Great Service Is What Sets Small Businesses Apart. Period.

customer service
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To paraphrase one of my favorite quotes from e.e. cummings, being a small businesses means to fight the hardest battle any business can fight without ever stopping.

You are by your very nature a David in a world of Goliaths, or a small shop in a galaxy of Wal-Marts. You have to fight to make yourself heard and to find and keep customers, and you need to know how to play your position to achieve your fundamental goals.

With a hat tip to my always helpful boss, I’ll point you toward this Tennessean column about the one thing that truly separates small businesses from their bigger cousins: Service. Where your average chain supermarket, restaurant or store has a reputation for being a soulless corporate entity that will slash prices but won’t pay an employee to be friendly with you, small businesses have a carefully cultivated image as places where people know your name and will take the time to help you find what you’re looking for.

So many businesses seem to have trouble grasping this basic concept. If you’re not providing quality customer service every step of the way, you’re losing your most significant advantage over your larger competitors. If you don’t build a loyal customer base…well, you don’t have a bright future, if I may be blunt.

We won’t leave you hanging, though. Here’s a few tips for ensuring your customer service is so superlative that your regulars practically swoon in the face of it. That’s true if your products are bicycles or working capital.*

  1. Hire only the enthusiastic. You can get plenty of good employees who basically have no personality and no desire to engage in a meaningful way with customers. You could also hire a robot. If your guys and gals are going to be dealing directly with customers, pick ones who care.
  2. Craft guidelines. You don’t want glassy-eyed employees sticking to a script, but give them a sense of how to talk to customers. Get to know your target audience and learn to start conversations in a familiar way, with variations according to what that particular person needs. Let you employee know what the standards are.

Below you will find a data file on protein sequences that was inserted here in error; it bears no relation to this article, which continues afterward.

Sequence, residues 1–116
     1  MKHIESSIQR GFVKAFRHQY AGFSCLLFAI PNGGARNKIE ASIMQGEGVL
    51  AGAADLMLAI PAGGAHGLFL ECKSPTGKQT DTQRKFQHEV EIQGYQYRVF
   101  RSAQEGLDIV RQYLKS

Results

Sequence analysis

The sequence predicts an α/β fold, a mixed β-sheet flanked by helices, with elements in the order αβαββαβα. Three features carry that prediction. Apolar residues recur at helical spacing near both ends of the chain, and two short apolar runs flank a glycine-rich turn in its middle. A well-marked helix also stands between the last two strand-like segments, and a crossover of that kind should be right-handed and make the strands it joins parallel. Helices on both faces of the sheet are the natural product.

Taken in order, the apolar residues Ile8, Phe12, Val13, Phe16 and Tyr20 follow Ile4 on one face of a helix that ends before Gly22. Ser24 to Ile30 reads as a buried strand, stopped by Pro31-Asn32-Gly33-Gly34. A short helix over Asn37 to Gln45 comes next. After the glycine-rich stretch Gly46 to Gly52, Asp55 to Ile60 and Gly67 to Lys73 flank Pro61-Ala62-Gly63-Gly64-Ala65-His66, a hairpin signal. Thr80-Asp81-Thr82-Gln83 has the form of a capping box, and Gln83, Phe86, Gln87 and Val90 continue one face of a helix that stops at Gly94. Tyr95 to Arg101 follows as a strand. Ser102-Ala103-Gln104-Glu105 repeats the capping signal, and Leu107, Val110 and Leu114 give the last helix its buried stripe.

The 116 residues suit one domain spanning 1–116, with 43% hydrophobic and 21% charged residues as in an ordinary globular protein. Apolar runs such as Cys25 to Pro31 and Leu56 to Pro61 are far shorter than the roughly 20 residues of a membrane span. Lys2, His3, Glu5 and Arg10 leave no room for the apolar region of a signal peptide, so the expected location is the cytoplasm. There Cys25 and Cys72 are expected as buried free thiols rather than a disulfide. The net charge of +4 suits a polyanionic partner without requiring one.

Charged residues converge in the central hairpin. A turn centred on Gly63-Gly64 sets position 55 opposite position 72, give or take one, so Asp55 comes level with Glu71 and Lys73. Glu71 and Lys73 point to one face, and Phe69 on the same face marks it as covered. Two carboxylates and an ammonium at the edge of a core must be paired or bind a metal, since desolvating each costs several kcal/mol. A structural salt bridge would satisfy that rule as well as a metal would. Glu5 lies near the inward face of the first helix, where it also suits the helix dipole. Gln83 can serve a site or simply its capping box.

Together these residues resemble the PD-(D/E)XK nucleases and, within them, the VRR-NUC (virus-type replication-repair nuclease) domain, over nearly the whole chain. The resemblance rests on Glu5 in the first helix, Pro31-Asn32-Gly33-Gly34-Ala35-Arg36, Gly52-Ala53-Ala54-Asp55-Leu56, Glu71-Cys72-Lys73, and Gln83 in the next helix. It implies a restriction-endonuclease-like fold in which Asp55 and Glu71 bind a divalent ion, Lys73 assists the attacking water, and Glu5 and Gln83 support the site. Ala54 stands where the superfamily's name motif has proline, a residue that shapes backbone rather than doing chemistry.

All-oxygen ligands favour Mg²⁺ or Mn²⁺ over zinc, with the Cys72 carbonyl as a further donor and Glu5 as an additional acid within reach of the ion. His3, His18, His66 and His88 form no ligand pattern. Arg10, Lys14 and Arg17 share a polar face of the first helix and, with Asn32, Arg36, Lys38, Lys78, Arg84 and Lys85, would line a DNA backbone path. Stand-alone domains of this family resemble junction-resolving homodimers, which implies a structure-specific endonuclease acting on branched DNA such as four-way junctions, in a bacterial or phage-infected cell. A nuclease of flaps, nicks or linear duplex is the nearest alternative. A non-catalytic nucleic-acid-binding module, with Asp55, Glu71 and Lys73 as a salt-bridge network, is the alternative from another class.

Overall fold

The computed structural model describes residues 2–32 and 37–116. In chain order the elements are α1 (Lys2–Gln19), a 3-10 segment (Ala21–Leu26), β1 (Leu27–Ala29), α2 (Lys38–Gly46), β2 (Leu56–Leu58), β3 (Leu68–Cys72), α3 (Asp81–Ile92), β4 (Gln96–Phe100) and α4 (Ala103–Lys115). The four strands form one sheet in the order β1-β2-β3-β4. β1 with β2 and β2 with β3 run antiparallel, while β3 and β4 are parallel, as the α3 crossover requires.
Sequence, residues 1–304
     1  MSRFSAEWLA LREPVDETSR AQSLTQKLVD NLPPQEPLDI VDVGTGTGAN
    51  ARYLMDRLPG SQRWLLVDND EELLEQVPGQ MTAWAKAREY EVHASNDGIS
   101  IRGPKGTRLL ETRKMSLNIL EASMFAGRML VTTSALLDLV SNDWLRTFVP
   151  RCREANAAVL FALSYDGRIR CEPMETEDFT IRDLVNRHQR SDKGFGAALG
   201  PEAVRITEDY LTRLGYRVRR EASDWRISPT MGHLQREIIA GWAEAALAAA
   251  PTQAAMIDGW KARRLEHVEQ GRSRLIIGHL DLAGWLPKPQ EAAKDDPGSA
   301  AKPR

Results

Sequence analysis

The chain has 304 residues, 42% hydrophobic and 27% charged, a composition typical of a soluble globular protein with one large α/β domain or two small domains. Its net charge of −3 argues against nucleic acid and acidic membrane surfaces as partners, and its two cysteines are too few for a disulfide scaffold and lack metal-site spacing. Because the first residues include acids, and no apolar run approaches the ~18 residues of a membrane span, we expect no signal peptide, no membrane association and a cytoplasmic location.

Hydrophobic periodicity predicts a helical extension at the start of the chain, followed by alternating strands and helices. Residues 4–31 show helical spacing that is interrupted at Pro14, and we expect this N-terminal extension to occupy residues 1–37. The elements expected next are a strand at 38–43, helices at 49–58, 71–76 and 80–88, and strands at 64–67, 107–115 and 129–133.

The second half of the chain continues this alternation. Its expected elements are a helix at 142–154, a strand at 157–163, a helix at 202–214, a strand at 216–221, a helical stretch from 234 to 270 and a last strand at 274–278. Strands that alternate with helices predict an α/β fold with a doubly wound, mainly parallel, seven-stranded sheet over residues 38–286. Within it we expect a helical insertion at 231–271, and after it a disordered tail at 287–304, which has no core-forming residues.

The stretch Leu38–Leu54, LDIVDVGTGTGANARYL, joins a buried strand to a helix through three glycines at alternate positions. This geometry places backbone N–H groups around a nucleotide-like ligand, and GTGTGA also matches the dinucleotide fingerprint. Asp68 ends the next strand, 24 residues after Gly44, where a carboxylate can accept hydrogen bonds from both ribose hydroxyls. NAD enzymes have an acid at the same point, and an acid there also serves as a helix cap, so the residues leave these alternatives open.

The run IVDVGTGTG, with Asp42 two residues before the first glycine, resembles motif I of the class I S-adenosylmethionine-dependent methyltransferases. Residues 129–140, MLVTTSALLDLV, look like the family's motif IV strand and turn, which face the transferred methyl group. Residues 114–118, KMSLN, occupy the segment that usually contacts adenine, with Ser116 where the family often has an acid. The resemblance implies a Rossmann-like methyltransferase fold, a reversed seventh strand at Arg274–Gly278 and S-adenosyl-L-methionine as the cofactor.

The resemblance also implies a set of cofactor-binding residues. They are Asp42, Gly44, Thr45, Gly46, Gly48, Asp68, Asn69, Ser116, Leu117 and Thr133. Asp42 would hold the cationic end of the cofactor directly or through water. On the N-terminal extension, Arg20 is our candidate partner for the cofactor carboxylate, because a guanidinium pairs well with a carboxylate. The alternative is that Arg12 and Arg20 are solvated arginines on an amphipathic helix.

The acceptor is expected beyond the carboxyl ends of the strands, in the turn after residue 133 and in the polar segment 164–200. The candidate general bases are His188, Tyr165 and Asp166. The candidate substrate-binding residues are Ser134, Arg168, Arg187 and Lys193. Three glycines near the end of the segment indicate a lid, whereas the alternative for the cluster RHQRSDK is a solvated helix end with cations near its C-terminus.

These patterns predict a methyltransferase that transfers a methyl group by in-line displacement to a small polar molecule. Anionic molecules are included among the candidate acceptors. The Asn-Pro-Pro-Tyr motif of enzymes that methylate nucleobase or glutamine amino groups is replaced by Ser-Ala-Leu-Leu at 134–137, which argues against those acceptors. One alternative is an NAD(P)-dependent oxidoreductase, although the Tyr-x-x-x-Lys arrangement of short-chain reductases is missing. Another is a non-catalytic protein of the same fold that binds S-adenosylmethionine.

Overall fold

3. Work to solve problems. Nothing is more grating than a business that pledges to take care of any issues that arise with their products and services and then backpedals furiously away from a guarantee. Be honest, be forthright and work to get it done. Even if it turns out that you can’t solve their problems, customers will walk away with the sense that you give a damn about them. That encourages them to come back.
  4. Don’t let customer service stop at the door. You don’t want to harass your customers from afar, but checking up to see how they enjoyed their latest trip to your store or what they recently purchased can be helpful. Follow up by offering e-mail coupon offers and the latest sales to keep customers on the hook and informed of what you’re up to.

Have more tips to share with your fellow business owners and employees? Make them known in the comments, if you please.

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*Working capital not available in the following states: AK, DE, ND, VT